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76. Avoid Teacher Burnout: How to Manage Your Emotions in the Classroom (Part 3 of 5)

In this post, we’re continuing our five part training series on how to avoid teacher burnout by creating healthy habits that last.

Last week, we explained how being mindful of your thoughts can change your experience in the classroom. You can read that post here. This week, we’re teaching how to manage our emotions in the classroom.

Specifically, we’re going to talk about how to get into the habit of choosing actions that help us to shift our emotional state from stressed/overwhelmed/frazzled (you know, all those big emotions that we feel as teachers on the regular…) to calm and in control.

In this training series, we’ve been diving deep into habit formation and looking at how our habits of action, thought and emotion influence our experience in and out of the classroom.

If you missed our first post of this series where we explained how habits are created and how to work with your brain when creating new habits or breaking old habits, you can go back and read it here.

To start today’s lesson, let’s review the four stages of the habit loop, as explained by James Clear in his book Atomic Habits and apply it to our habits of responding to emotion in the classroom.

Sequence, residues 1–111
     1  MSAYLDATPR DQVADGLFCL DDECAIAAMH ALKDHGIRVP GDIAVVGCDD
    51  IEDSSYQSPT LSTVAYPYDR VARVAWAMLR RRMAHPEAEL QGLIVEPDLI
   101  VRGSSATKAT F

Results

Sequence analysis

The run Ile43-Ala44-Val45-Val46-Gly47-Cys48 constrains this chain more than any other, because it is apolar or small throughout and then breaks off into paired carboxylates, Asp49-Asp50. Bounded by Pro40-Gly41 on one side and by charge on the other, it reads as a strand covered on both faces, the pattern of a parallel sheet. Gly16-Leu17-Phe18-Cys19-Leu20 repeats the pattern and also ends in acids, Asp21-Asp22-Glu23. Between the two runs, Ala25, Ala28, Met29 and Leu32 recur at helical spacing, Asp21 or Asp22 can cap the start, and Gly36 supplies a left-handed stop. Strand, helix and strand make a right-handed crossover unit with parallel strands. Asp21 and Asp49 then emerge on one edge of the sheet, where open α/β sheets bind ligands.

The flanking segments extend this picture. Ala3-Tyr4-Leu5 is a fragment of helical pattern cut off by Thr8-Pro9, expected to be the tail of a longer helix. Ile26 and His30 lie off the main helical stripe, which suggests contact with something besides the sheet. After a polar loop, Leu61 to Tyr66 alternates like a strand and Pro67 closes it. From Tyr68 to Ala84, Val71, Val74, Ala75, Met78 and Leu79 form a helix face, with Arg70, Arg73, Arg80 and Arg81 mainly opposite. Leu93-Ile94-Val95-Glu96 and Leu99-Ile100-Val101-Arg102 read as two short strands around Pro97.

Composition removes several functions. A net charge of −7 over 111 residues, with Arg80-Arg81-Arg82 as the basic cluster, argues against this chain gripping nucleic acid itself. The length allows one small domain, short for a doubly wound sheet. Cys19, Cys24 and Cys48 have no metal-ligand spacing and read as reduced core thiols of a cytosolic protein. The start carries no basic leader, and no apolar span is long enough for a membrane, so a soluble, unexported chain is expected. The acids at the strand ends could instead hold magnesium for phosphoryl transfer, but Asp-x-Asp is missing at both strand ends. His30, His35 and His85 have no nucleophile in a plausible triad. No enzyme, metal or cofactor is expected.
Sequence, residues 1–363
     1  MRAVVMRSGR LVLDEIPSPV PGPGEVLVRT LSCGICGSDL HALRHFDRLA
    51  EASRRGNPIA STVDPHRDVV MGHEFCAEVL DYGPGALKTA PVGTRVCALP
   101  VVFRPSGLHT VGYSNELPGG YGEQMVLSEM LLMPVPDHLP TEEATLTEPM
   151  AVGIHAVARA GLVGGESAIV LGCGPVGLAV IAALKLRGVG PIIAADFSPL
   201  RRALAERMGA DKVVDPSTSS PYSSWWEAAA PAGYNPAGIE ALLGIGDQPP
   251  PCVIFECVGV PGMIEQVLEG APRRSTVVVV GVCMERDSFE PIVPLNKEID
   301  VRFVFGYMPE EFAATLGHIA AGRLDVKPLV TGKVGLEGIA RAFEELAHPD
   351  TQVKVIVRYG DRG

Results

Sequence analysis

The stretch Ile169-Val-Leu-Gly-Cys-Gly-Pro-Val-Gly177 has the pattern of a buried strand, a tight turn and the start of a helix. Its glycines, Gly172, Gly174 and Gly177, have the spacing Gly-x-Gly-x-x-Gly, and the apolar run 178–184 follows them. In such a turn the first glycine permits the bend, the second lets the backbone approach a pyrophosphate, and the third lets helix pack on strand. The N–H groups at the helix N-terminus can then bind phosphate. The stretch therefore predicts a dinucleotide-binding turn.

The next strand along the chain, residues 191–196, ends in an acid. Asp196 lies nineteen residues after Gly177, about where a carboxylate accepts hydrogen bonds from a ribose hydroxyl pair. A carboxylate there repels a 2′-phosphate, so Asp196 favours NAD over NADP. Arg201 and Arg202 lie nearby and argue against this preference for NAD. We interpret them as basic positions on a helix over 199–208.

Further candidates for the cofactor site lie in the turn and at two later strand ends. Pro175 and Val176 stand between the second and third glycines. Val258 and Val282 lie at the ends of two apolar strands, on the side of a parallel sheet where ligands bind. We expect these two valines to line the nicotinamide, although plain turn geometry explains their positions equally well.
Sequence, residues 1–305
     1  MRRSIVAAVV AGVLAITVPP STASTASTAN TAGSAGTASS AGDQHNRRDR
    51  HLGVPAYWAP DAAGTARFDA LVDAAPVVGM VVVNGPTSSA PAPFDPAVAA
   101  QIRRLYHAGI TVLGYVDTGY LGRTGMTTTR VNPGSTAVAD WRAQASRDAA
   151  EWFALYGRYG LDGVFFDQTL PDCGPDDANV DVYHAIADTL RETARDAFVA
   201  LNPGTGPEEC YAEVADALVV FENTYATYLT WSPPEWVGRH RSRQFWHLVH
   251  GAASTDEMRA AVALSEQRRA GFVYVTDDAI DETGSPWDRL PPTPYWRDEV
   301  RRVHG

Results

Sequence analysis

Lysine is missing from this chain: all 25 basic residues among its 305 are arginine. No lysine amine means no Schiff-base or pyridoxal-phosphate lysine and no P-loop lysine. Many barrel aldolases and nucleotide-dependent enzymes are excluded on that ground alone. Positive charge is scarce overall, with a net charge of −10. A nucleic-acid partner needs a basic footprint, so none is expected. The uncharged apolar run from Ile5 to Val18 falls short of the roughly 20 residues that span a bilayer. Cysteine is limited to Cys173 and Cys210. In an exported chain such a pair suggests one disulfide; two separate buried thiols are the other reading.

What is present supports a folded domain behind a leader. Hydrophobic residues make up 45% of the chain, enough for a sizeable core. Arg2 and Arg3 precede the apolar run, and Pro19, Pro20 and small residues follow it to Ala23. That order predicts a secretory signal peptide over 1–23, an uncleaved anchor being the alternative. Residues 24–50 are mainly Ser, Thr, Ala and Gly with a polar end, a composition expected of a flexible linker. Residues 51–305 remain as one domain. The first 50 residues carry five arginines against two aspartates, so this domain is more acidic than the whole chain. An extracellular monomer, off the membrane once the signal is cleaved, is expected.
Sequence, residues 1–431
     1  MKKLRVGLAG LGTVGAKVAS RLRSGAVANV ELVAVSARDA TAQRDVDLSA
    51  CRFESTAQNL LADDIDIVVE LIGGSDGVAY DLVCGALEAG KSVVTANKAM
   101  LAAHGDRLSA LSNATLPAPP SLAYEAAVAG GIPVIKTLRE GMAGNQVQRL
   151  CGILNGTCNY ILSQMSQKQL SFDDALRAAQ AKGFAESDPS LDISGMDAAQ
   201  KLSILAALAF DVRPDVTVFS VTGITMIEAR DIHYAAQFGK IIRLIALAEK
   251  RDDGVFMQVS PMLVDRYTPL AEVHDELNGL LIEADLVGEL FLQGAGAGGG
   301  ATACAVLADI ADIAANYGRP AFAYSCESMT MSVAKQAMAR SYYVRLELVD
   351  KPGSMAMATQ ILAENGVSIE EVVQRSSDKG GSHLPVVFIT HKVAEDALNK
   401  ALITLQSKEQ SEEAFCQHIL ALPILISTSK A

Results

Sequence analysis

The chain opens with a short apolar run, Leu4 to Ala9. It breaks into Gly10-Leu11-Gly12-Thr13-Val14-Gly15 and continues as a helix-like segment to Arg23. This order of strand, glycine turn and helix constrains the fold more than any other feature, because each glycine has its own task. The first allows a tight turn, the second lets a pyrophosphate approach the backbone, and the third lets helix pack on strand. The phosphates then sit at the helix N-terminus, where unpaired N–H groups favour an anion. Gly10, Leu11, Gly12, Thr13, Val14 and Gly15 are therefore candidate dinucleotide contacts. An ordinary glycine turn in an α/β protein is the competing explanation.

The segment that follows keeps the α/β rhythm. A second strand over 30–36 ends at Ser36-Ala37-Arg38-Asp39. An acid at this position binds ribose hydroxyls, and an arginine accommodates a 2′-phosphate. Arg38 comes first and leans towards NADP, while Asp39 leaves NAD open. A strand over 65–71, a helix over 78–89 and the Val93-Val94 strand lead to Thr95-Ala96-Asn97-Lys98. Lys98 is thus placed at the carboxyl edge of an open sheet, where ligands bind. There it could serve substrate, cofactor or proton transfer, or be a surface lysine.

The Four Stages of Habit Formation

Stage 1: Cue

The cue is a situation or feeling that triggers your brain to initiate a behaviour. It notices something in your inner or outer environment and leads to a craving for a specific reward.

Example: It’s been one of those mornings where everything is chaotic (is it a full moon or something?!) and you’re constantly putting out fires. By the time the bell rings for your break, you feel frazzled and stressed. This feeling of stress and lack of control leads to a craving.

Stage 2: Craving

The craving is the motivational force behind the habit. It’s the change in state you want to achieve.

Example: You don’t want to feel stressed and frazzled anymore. You crave feeling calm and in control. This craving leads to your brain looking for a way to achieve that feeling.

Stage 3: Response

The response is the actual thought you have or action you take to satisfy your craving.

Example: Instead of taking a break and getting out of your classroom to recharge, you start to organize your classroom and then you complete some tasks on your to-do list. Before you know it, the bell rings and you didn’t even get the chance to go to the washroom.

Stage 4: Reward

The reward is the end goal of every habit, it satisfies your craving and/or teaches you something. If the response satisfies your craving, you will learn that the response was worth doing again in the future and it can become a habit. However, if the response took too much energy or wasn’t satisfying enough then your brain will learn that it isn’t worth doing again in the future and will resist making it a habit.

Example: When you organized your classroom and skipped your break, you regained the sense of control you were craving.

The Problem With This Response

The problem with this response is that it didn’t satisfy your craving to feel calm and didn’t reduce your feelings of stress. You didn’t get to reset your emotions before your students return to your classroom. Which, as you learned in last week’s training, is likely to lead to more chaos like you experienced in the morning all over again.